Contingency approach


Contingency approach

Contingency approach, also know as situational approach, is a concept in management stating that there is no one universally applicable set of management principles (rules) by which to manage organizations. Organizations are individually different, face different situations (contingency variables), and require different ways of managing. Contingency approaches remain less common than change management approaches.

Contents

History

Contingency approach evolved during the 1960s. Management theory and research began to adopt a new orientation, one that embodied a simple concept and enabled significant advancements in the study of management and organizations, now referred to as the contingency approach. It emphasised the importance of situational influences on the management of organisations and questioned the existence of a single, best way to manage or organise. Today, the contingency approach dominates theory and research in the management literature. Contingency approach challenged the classic process and models designed by management theorists such as Taylor and Fayol. Various researchers concentrated on different contextual factors. Joan Woodward (1958)[1] studied the production technology, Blau and Schoenherr (1971)[2] the size of the organizations, Burns and Stalker (1961)[3] as well as Lawrence and Lorsch (1967)[4] into the economic environment, in particular market competition and technological change. A broader approach was developed by a British team of researchers at the University of Aston by developing a conceptual scheme for the comparative analysis of organizational structure which took account of several contextual factors at the same time (Pugh & Hickson et al., 1963).[5]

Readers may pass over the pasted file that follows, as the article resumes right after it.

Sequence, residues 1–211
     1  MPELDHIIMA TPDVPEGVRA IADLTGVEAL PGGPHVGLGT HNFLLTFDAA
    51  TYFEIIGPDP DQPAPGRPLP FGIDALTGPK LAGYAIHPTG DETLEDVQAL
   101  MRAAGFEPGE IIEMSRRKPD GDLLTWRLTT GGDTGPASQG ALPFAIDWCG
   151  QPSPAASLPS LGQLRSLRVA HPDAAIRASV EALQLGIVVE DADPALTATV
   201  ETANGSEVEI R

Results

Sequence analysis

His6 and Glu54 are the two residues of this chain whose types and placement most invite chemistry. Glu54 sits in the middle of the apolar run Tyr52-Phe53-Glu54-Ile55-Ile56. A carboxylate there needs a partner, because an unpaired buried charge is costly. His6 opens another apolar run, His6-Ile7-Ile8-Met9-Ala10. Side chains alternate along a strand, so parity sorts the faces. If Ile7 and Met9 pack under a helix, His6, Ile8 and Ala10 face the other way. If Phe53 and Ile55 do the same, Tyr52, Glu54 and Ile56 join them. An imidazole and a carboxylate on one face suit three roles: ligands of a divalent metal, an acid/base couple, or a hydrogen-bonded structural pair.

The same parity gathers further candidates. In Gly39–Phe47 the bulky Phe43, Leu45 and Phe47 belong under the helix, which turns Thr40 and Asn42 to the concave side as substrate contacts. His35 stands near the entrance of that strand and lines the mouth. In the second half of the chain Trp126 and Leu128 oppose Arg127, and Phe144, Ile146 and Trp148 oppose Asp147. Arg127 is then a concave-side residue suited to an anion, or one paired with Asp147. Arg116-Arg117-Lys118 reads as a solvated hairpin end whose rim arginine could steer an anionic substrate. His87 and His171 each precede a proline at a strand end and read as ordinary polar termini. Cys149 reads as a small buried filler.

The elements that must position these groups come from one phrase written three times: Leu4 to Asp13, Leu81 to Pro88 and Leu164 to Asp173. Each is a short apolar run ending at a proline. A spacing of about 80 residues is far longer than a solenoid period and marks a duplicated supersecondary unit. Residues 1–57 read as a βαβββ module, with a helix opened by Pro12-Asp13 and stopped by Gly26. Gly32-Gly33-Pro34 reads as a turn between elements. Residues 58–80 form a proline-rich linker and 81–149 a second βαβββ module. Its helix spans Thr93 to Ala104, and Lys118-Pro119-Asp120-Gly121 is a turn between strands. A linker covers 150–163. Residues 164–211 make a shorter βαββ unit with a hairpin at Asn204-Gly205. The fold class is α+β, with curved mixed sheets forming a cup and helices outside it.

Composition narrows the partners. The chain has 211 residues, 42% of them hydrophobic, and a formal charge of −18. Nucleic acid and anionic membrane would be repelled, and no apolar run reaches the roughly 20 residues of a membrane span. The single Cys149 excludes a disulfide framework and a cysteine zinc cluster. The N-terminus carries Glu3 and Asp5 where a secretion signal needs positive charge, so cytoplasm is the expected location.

A conceptual model of the contingency approach was developed by Kieser and Kubicek.[6] According to the model, the formal structure of an organization defines the roles of its members in a specific way and thereby directs their behaviour to a certain degree. The performance of the organization depends on the degree to which these role definitions enable members to cope with the requirements resulting from the context of the organization.

References

  1. ^ Woodward, J. (1958). Industrial Organization. Theory and Practice. London.
  2. ^ Blau, P.M., & Schoenherr, R.A. (1971). The Structure of Organizations. New York.
  3. ^ Burns, T., & Stalker, G. M. (1961). The Management of Innovation. London
  4. ^ Lawrence, P. R., & Lorsch, J. W. (1967). Organization and Environment. Cambridge, Mass.
  5. ^ Pugh, D. S., & Hickson, D. J. et.al (1963). A Conceptual Scheme for Organizational Analysis. Administrative Science Quarterly, 8, 289 – 315
  6. ^ Kieser, A., & Kubicek, H. (1983). Organisation, (3rd ed. 1992), Berlin – New York

Further reading

  • Steven P Robbins, phi, 8th edition, Management
  • Hickson, D.J., & McMillan?, C.J. (eds) (1981). Organization and Nation. The Aston Programme IV. Westmead – Farnborough.
  • Kubicek, H. (1975). Empirische Organisationsforschung. Stuttgart.
  • Valarie A. Zeithaml, P. "Rajan" Varadarajan, Carl P. Zeithaml, The Contingency Approach Contingency, its Foundations and Relevance Approach to Theory Building and Research in Marketing
  • Pugh, D. S., & Hickson, D. J. (eds) (1976). Organizational Structure in its Context. The Aston Programme I. Westmead – Farnborough.
  • Pugh, D. S. & Hinings, C. R.. (eds) (1976). Organizational Structure. Extensions and Replications. The Aston Programme II. Westmead – Farnborough.
  • Pugh, D. S. & Payne, R. L. (eds) (1977). Organizational Behavior in Iis Context. The Aston Programme III. Westmead – Farnborough.

External links


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